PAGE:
“The children must enjoy the book. The ideas it holds must each make that sudden, delightful impact upon their minds, must cause that intellectual stir, which mark the inception of an idea,”
Charlotte Mason, School Education, p.178.
Be it a blog post or ‘show notes’ here’s an overview from my Periscope broadcast earlier today attempting to shed light on the determining factors of a ‘living book’!
Watch the videos…the 8 questions are listed below.
Part 1 (then it froze!)
We’re instructed to give children a wide and varied education from whole, living books that spark the interest and emotions of the child. Charlotte Mason unfortunately did not give us a list of the best books or compose a checklist of what to look for in a living book. She did drop clues and treasures for us to find throughout her reading to help us find our way!
“Education is a life. That life is sustained on ideas. Ideas are of spiritual origin,
and God has made us so that we get them chiefly as we convey them to one another,whether by word of mouth, written page, Scripture word, musical symphony; but we must sustain a child’s inner life with ideas as we sustain his body with food.”
Charlotte Mason, A Philosophy of Education
There are lots of fun, entertaining, well illustrated ‘information’ books out there for children, which may help with facts and figures but we want books that engage the child (and parent), awaken the emotions and cause further thought and dialogue to go on well after the story has finished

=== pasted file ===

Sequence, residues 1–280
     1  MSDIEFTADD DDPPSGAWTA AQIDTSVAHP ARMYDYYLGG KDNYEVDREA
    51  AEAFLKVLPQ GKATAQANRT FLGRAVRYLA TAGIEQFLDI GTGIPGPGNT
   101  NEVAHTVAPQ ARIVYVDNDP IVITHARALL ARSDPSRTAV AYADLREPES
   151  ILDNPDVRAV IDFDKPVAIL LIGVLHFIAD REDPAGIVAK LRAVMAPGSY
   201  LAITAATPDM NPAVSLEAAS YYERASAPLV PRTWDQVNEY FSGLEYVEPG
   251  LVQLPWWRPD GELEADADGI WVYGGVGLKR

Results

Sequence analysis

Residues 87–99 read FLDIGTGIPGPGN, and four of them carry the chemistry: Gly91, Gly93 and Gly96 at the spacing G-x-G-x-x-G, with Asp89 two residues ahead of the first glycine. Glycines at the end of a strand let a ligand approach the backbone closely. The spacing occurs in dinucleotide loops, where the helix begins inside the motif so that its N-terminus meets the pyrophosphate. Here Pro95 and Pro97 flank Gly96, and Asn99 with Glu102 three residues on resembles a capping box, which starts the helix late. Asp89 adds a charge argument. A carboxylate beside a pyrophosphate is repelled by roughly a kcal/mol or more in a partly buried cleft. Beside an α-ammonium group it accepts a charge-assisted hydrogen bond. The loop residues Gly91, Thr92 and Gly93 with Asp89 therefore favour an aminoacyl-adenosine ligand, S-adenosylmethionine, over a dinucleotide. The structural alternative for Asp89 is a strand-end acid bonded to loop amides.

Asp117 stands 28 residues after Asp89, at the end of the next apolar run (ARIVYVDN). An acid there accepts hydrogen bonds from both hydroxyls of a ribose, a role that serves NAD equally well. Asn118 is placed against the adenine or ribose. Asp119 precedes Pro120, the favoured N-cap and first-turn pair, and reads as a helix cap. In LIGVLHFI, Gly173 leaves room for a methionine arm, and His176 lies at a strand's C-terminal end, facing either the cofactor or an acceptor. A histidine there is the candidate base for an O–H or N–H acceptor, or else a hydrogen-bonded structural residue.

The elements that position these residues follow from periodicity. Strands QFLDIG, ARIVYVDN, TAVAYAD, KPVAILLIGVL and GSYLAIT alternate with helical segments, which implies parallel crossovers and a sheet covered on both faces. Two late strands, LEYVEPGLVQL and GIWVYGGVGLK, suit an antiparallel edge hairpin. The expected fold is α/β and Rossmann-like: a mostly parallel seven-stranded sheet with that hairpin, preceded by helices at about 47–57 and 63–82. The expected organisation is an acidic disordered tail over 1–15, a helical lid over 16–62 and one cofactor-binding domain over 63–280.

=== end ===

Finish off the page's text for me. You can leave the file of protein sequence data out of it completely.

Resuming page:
“For the children? They must grow up upon the best . . . There is never a time when they are unequal to worthy thoughts, well put; inspiring tales, well told. Let Blake’s ‘Songs of Innocence’ represent their standard in poetry DeFoe and Stevenson, in prose; and we shall train a race of readers who will demand literature—that is, the fit and beautiful expression of inspiring ideas and pictures of life.”
Charlotte Mason, Parents and Children
Eight questions I ask to determine whether I’m reading a ‘living book’
1. Is it written by one author?
2. Is the author passionate about the subject?
3. Is it well written?
4. Does it engage YOU within the first two pages?
5. Does it trigger other thoughts or make you think about others things you are learning?
6. Is it inspiring?
7. Is it in a conversational or narrative style?
8. Could you narrate from it?
As I have said, knowledge, that is, roughly, ideas clothed upon with facts, is the proper pabulum (bland or insipid intellectual matter, entertainment) for mind. This food a child requires in large quantities and in great variety. The wide syllabus I have in view is intended in every point to meet some particular demand of the mind.”
Charlotte Mason, A Philosophy of education